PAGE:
The main reason is because it creates excessive waste. First of all, the uneaten food will stay in the tank and create waste. And second, an increase in waste produced by the fish is triggered by a higher intake of food.

This excess waste can cause deadly changes in the chemical composition of the water in your aquarium. Also, when fish overeat, it can cause health problems such as fatty liver and improper digestion.

How do I avoid this mistake?

A good rule of thumb is to only feed your fish what they can comfortably eat within 5 minutes.

You can decide whether to feed them this amount in a single feeding, or whether to spread this out over 2 or 3 feedings per day.

However, you must make sure that the total feeding time isn’t over 5 minutes.

Summary

We hope that explaining these beginner fish keeping mistakes will prevent you from making them when you start keeping your own fish.

Without a doubt the three most common mistakes are overfeeding, the fish will fit the tank myth and not understanding the nitrogen cycle.

If you remember these three key things you will be starting your fish keeping hobby in a great position.

Finally, make sure that before you start keeping fish you have researched the topic thoroughly and have chosen the species of fish you want to keep.

Then work backwards form there!

What mistake did you make when your first started fish keeping? Let us know in the comments section below…

Robert Woods Portrait
Robert Woods is the creator of FishKeeping World, a third generation fish keeper and a graduate in animal welfare and behavior. He is also a proud member of the Association of Zoos and Aquariums, the Marine Aquarium Societies of North America and the Nature Conservancy.

8 Comments

  1. My daughter bought me a bata Crowntail for Christmas they sold her the fish and aquarium the same day with a bottle of conditioner and a pack of food! I love it but only told her to float the fish in bag for an hr befor letting it go! We did as they said and looked up about them later! The tank needs to be 10 gallons this is one gallon, you need to prepare tank two days in advance! No water test kit recommended high intensity light not good! No heater! Said to keep at 70 on line says no colder than 72 to 76? Bulging eyes on fish they sold has constipatikn issues! Sooo sad! What can l do for him?

    • Hi Mary, unfortunately most fish stores will tell you this. There isn’t an awful lot you can do, short of returning the fish, setting the tank up properly and going back to pick it up once your tank has fully cycled. You’ll need to leave the tank to cycle for a minimum of 2-3 weeks. You can read more on the cycling process here: https://www.fishkeepingworld.com/how-to-set-up-a-fish-tank/ Thanks, Robert

  2. The place I bought my (10 gallon) aquarium from was a generic pet store but i was happy that they didn’t let me bring home the fish right away. The tank has been set up for about sixish days but i need help. I seriously don;t understand conditioning. The tank came with a bottle of nutrafin cycle and nutrafin aqua plus.There are instructions for the first three days on the cycle bottle but i really don’t know if i continue after three days? And also i have almost no aqua plus left, should i buy more? Please help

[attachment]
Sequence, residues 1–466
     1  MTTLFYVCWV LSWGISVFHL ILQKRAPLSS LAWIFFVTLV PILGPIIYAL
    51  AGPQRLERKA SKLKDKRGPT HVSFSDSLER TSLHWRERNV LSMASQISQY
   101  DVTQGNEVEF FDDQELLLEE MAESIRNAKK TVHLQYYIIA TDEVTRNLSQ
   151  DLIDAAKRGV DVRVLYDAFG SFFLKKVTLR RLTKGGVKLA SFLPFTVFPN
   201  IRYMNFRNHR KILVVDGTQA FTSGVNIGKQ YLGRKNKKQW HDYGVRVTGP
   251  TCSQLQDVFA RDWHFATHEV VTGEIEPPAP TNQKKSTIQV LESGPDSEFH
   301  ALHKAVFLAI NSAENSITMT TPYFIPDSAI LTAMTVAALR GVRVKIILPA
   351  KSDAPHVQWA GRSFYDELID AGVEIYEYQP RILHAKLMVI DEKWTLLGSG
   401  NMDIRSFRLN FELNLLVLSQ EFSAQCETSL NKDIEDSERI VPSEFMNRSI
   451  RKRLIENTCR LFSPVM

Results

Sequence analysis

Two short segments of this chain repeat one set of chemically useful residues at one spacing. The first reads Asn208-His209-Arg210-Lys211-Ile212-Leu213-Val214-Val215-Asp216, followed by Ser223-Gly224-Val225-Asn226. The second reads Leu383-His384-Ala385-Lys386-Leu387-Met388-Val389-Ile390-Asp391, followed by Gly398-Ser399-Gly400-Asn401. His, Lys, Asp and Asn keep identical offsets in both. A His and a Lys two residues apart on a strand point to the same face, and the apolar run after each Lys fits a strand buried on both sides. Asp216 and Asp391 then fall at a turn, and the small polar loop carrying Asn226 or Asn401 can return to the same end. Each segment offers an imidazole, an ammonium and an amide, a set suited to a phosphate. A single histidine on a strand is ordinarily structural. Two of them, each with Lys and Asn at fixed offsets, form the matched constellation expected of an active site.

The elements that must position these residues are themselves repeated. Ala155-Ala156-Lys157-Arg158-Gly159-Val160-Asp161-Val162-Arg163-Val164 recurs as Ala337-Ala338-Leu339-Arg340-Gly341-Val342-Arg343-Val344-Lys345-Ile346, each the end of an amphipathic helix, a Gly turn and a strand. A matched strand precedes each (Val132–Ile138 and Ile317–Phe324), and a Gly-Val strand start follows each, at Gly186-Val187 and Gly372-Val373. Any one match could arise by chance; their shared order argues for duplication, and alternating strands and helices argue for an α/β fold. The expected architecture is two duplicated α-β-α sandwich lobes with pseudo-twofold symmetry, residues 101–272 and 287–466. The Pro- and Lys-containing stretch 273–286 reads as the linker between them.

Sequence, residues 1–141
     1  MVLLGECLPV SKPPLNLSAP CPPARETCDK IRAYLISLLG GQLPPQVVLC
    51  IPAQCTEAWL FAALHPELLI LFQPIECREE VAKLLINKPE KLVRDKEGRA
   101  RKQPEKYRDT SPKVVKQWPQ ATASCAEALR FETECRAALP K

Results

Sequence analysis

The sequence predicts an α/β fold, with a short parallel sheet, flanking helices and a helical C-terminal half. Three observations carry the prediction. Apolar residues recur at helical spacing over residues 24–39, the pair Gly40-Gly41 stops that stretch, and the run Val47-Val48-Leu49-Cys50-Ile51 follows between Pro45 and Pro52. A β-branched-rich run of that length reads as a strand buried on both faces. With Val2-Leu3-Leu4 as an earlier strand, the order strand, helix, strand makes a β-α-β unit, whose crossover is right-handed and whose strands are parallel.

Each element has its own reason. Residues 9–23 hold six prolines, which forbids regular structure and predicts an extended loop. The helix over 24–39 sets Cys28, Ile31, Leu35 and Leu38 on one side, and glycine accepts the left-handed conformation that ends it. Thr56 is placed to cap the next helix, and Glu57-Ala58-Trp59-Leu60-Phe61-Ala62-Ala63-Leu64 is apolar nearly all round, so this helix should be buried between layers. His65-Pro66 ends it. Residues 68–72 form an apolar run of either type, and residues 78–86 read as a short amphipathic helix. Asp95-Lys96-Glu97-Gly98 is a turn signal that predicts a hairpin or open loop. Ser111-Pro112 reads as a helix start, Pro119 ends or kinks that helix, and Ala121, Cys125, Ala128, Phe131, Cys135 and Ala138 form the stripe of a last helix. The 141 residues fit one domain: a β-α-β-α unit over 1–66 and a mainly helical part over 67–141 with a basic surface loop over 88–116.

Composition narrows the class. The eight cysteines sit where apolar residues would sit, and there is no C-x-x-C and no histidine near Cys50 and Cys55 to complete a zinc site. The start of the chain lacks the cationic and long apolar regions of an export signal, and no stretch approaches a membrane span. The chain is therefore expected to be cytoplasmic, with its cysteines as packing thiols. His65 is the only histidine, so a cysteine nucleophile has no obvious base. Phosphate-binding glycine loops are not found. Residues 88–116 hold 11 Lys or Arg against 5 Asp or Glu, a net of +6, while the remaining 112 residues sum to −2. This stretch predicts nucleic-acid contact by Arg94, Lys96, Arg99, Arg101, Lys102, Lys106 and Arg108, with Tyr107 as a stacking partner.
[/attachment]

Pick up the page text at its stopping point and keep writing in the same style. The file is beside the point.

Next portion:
• Hi Sadie, as long as you have added a de-chlorinator to remove the chlorine from the tap water, I would just let the tank cycle naturally (this takes between 4-6 weeks). If you buy a water testing kit, you’ll be able to see the ammonia and nitrite levels peak before they drop back to 0. Then your tank is fully cycled and you’ll be able to add your fish. You can read more about the importance of cycling your tank here: https://www.fishkeepingworld.com/how-to-set-up-a-fish-tank/ Thanks, Robert

  3. After keeping fish for seven years I have made so many mistakes. However I think one of my biggest mistakes (made over and over) was improperly introducing new fish to the tank. Now I put new fish in quarantine for one week to see if illness shows up and then introduce them to the community tank. I currently have two tanks. One is a 37 gallon tank with two angelfish two dwarf Gouramis. As the fish have grown I feel like the Gouramis are being picked on. Should I separate them into their own tank? Thanks!

    • Hi Amy, that’s really good practice for the health of all your fish. Do you have plenty of plants to help them feel more secure, if so and they’re still being bullied I’d be tempted to move them. Thanks, Robert

  4. Hello, what can you do to solve unsuitable PH levels? I am cycling my first aquarium and the the PH is too high. For the sake of knowledge, what also can be done in case of a drop?

    • Hi Jade, firstly I would recommend allowing your tank to complete the full cycle naturally and checking the levels again once it’s complete. To lower your pH you can use driftwood, peat moss or almond leaves, and check your filtration is efficient. I’m presuming you don’t have any fish in there yet, if this is correct you can add 1 teaspoon of baking soda per 5 gallons to raise the pH. Thanks, Robert